The long strug­gle for a proper Vet­er­ans Day ob­ser­vance

The orig­i­nal Ar­mistice Day revered an il­lu­sory peace un­til it sur­ren­dered to a trib­ute to he­roes of all wars

The Washington Times Daily - - Opinion - By Thomas V. DiBacco

The sin­gu­lar, un­for­tu­nate les­son em­a­nat­ing from Ar­mistice Day, which sig­naled the end of World War I on Nov. 11, 1918, was the naivete of Amer­i­can lead­ers about the fu­ture of diplo­matic pol­icy to­ward the world. That pol­icy, in short, was premised on the same ir­ra­tional moral barom­e­ter that punc­tu­ated the 1920s in the United States, per­haps best il­lus­trated by Pro­hi­bi­tion. Treat diplo­macy like booze, in other words. Ab­stain from par­tic­i­pa­tion with the out­side world, ex­cept, of course, for fatu­ous goals.

Note, for ex­am­ple, the speech of Pres­i­dent War­ren Hard­ing on Ar­mistice Day 1921, the burial date for the na­tion’s Un­known Sol­dier at Ar­ling­ton Na­tional Ceme­tery. It was an ad­dress so praised for its sen­ti­ments — not re­al­ity — that As­so­ci­ated Press writer Kirke L. Simp­son won a Pulitzer Prize for his ac­count of the cer­e­monies: “The lofti­est trib­ute we can be­stow to­day,” said Hard­ing, “is the com­mit­ment of this repub­lic to an ad­vance­ment never made be­fore. ... [L]et us give of our in­flu­ence and strength, yea of our as­pi­ra­tion and con­vic­tions, to put mankind on a lit­tle higher plane, ex­ult­ing and ex­alt­ing, with war’s dis­tress­ing and de­press­ing tragedies barred from the stage of right­eous civ­i­liza­tion … .”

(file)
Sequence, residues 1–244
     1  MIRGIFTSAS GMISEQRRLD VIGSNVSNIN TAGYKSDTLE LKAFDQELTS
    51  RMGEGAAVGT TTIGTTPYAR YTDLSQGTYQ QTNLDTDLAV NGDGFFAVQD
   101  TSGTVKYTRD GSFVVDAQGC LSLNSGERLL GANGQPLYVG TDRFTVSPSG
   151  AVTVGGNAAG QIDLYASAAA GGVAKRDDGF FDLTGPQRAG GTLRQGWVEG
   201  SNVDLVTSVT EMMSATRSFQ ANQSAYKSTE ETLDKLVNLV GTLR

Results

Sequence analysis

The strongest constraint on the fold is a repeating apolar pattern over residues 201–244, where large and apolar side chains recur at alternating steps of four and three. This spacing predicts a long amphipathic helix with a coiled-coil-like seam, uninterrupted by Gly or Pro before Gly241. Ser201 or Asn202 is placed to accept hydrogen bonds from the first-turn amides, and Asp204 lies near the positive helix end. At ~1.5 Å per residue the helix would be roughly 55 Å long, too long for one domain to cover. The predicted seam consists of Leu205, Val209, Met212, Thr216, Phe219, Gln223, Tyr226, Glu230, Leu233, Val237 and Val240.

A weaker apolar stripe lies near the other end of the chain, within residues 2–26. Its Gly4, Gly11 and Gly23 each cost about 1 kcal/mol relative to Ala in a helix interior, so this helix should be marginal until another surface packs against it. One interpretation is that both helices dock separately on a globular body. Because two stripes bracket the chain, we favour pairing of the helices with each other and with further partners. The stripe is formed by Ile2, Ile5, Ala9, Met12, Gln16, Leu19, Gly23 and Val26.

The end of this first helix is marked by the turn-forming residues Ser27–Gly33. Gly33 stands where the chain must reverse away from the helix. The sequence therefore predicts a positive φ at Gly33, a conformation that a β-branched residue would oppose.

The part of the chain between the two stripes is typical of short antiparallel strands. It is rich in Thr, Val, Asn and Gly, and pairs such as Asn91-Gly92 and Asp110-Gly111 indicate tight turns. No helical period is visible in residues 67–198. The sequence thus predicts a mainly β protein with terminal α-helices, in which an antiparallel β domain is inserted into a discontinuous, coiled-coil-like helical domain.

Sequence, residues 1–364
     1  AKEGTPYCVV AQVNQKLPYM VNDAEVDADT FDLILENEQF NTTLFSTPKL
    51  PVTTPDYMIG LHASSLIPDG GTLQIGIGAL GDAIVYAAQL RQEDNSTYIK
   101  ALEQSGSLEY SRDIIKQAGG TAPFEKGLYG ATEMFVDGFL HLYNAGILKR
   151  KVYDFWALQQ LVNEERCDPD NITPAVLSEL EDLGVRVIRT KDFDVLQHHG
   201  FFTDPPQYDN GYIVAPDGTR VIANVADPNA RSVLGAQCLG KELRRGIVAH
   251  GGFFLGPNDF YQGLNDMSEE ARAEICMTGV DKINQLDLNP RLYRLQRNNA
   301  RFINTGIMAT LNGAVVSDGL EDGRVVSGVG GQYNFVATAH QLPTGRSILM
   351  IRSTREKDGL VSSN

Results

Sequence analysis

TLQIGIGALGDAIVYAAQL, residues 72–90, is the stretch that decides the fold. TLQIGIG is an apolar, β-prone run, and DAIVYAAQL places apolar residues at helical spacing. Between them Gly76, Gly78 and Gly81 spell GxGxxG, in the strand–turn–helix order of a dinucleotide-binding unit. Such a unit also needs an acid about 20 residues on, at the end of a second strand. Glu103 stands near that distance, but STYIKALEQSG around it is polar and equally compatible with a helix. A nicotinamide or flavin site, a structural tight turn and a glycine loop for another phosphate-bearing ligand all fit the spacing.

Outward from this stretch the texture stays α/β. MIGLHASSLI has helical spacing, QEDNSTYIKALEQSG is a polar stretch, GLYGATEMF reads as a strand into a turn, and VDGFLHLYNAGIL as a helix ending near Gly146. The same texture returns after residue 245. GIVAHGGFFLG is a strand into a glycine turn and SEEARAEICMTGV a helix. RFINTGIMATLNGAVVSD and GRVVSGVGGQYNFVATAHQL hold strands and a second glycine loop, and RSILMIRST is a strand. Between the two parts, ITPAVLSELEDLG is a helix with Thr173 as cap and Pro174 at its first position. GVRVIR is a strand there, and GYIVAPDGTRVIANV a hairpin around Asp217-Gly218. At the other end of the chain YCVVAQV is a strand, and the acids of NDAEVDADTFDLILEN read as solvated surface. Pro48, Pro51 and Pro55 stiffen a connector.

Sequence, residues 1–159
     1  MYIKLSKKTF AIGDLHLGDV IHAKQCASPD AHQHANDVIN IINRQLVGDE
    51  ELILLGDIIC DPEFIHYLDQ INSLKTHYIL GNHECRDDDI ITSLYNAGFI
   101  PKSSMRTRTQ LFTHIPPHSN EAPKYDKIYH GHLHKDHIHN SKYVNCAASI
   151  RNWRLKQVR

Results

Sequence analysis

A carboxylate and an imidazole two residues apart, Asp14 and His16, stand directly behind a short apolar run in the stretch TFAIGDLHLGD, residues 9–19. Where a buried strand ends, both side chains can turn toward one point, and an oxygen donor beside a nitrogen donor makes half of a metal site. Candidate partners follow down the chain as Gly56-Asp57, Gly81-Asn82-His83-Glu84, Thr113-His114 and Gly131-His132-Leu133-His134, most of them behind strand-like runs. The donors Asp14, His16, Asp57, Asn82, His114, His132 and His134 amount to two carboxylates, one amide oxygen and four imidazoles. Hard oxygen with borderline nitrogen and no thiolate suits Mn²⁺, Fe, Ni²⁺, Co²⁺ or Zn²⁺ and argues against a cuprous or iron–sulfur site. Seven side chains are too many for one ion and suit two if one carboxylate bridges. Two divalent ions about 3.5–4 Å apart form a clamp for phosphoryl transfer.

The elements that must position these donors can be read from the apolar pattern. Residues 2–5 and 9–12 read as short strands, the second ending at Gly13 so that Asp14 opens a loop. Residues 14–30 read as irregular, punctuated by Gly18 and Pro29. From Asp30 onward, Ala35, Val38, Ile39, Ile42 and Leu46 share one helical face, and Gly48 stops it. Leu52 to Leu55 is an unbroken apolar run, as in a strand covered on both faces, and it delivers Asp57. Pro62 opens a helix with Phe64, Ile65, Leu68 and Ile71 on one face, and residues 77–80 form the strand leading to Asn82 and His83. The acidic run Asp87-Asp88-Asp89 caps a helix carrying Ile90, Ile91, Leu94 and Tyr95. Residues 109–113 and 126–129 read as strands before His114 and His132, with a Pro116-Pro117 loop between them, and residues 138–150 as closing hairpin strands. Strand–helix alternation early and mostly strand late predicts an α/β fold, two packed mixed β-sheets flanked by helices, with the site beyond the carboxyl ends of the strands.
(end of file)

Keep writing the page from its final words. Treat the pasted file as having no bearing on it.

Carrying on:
So Amer­i­can pol­icy was geared to — get this — urg­ing na­tions to agree to a pact out­law­ing war. A bou­tique group of na­tions — the United States, France, Great Bri­tain, Ja­pan, France, Italy, Bel­gium, Poland and Cze­choslo­vakia — signed on Aug. 27, 1928, what came to be known as the Kel­logg-Briand Pact, named af­ter Sec­re­tary of State Frank Kel­logg and French For­eign Min­is­ter Aris­tide Briand. It re­nounced war as an in­stru­ment of na­tional pol­icy — just words, no deeds. Quite in­ap­pro­pri­ately, Kel­logg was awarded the No­bel Peace Prize in 1929 for his ef­forts to bring about the agree­ment. In­ci­den­tally, all nine sig­na­to­ries be­came bel­liger­ents in World War II.

Even on June 4, 1926, when Congress or­dered the pres­i­dent to pro­claim each Novem­ber 11 as Ar­mistice Day, it did so through the same rose-col­ored glasses, call­ing it a “day of thanks­giv­ing and prayer and ex­er­cises to per­pet­u­ate peace through good will and mu­tual un­der­stand­ing be­tween na­tions.” And as all hell was break­ing loose in Europe in 1938 when Ar­mistice Day was de­clared a fed­eral hol­i­day, Congress again buried its head in the sand, deem­ing it a day “not to be de­voted to the ex­al­ta­tion of glo­ries achieved in war but, rather, to an em­pha­sis upon those bless­ings which are as­so­ci­ated with … peace­time … .”

Not un­til 1954 was Ar­mistice Day changed to Vet­er­ans Day, thanks to the recog­ni­tion of mil­i­tary per­son­nel, in­clud­ing Pres­i­dent (and for­mer gen­eral) Dwight D. Eisen­hower, who rec­og­nized that an ar­mistice in fight­ing scarcely meant peace. War al­ways meant sac­ri­fices, ca­su­al­ties and deaths of Amer­i­can troops.


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